Become a fan on Facebook Follow us on Twitter USDA Blog Feed Watch USDA videos on YouTube Subscribe to receive e-mail updates View USDA Photos on Flickr Subscribe to RSS Feeds

Congressman Braley and Deputy Under Secretary O’Brien Host Farm, Food and Jobs Bill Listening Session in Northeast Iowa

Earlier this week Deputy Under Secretary for Rural Development Doug O’Brien and Congressman Bruce Braley met with nearly 30 northeast Iowa producers and residents to discuss the important role rural economic development provisions have in the upcoming discussions of the next farm, food and jobs bill.

Iowa producers and residents discuss the impact the next farm, food and jobs bill can have on rural economies with Congressman Braley (in yellow shirt at head of table) and Deputy Under Secretary O’Brien (next to flag).

Iowa producers and residents discuss the impact the next farm, food and jobs bill can have on rural economies with Congressman Braley (in yellow shirt at head of table) and Deputy Under Secretary O’Brien (next to flag).

O’Brien said a goal with the next farm bill is to make it easier for people to access USDA support, ensuring that emerging rural businesses have the capital they need to grow and create jobs, and investing in communities pursuing regional growth. Read more »

East River Electric Cooperative Highlights USDA Rural Development funded Business

It was lights, camera and action as a videographer for the National Rural Economic Developers Association (NREDA) and National Rural Electric Cooperative Association (NRECA) traveled across eastern South Dakota.  Hosted by the Rural Electric Economic Development, Inc. (REED) Fund, video interviews documented the businesses and partners that make REED’s revolving loan fund such a success.

A stop on the tour included Dakota Style, a home grown business located by Clark, SD.  Dakota Style started making their own potato chips 25 years ago and has expanded into sunflower seeds and salad toppers.  When progress led to a large national contract, they needed space for packaging equipment and storage for shipment. Read more »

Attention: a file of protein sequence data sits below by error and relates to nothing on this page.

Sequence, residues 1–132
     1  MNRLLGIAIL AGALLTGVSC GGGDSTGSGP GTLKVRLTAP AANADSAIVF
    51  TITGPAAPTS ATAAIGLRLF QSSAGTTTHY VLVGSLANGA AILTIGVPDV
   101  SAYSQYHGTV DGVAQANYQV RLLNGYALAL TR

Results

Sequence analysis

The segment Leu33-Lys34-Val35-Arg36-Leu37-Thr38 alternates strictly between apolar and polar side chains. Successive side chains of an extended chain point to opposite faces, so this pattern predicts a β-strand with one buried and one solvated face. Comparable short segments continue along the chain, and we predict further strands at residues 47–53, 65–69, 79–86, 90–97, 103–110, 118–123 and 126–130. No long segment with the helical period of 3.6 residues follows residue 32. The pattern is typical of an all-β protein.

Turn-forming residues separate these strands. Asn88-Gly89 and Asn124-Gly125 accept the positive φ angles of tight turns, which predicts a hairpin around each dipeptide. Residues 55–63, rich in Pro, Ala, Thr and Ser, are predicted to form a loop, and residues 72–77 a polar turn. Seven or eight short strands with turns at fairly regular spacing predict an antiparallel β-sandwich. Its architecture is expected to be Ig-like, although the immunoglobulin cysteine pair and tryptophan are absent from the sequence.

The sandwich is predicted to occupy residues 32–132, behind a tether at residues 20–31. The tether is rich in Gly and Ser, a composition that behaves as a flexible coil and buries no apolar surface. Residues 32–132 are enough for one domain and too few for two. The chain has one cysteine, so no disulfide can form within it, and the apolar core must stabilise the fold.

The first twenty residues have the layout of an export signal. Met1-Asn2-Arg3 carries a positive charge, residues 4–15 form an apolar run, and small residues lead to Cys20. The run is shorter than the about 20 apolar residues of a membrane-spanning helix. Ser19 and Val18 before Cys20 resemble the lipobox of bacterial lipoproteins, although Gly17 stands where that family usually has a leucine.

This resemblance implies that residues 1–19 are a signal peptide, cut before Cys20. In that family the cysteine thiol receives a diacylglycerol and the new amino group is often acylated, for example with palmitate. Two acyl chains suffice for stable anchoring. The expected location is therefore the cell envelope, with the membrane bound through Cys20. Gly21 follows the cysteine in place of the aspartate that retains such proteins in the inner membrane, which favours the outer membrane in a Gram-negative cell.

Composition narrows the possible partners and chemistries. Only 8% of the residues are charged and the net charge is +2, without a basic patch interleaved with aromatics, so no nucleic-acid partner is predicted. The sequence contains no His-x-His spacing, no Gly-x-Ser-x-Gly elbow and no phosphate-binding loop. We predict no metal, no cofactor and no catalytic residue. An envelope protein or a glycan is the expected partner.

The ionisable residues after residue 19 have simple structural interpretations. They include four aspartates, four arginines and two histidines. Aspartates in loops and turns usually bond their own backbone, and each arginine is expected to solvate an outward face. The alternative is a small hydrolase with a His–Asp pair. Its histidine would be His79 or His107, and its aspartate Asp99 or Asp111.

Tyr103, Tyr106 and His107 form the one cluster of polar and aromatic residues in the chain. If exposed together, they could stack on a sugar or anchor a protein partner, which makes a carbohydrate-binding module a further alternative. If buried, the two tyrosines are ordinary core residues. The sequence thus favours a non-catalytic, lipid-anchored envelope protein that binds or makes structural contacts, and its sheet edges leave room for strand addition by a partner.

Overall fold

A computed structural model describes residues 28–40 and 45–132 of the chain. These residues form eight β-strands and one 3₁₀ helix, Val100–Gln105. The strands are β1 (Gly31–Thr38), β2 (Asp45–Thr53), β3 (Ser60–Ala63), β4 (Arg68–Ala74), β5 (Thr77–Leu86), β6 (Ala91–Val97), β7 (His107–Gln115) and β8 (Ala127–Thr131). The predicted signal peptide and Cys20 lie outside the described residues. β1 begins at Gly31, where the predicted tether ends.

Priceless and Pricey: The Cost of Raising a Child

As you may know, USDA recently issued its Expenditures on Children by Families, 2011 report, which analyzes the costs of raising a child born in 2011. USDA has been tracking the cost of raising a child annually since 1960.  Expenses are examined by the age of the child, household income, budgetary component, and region of the country.

Middle income parents of a child born in 2011 can expect to spend about $234,900 ($295,560 if projected inflation costs are factored in*) for food, shelter, and other necessities to raise a child over the next 17 years. Let’s look at the breakdown: Read more »

What Can the Food Environment Atlas Tell You?

Understanding a community’s food environment is key to understanding a community’s identity.  But what can a “food environment” tell us?

A community’s food environment is a technical term for assessing information about the who, what, where, and how of food availability in a given community: Who are the people in the community?

What kinds of food outlets are available in their area? How accessible are grocery stores and supermarkets? What are some of the health statistics? Read more »

Secretary’s Column: Reducing Pain at the Pump for Americans

As Americans joined family and friends to celebrate America’s independence, tens of millions took to our highways and Interstates – and I know that gas prices were on the minds of many.

President Obama understands the impact gas prices can have for families, and he is committed to an “all of the above” energy approach to solving our nation’s energy challenges – including reducing pain at the pump.

That includes developing the homegrown biofuels that save Americans money at the gas station and reduce our dependence on foreign oil. Read more »

Successful Weatherization of Navajo Homes Made Possible with USDA Help

Two groups of volunteers worked to replace the roof and build a sturdy new porch with wheelchair ramp for a Navajo resident.

Though the morning could be cool, even pleasant at times, scorching heat was promised to each of the more than 250 volunteer students who signed up and traveled – some more than 2,000 miles – to Monument Valley, Utah, to work in the desert sun on Navajo homes. Read more »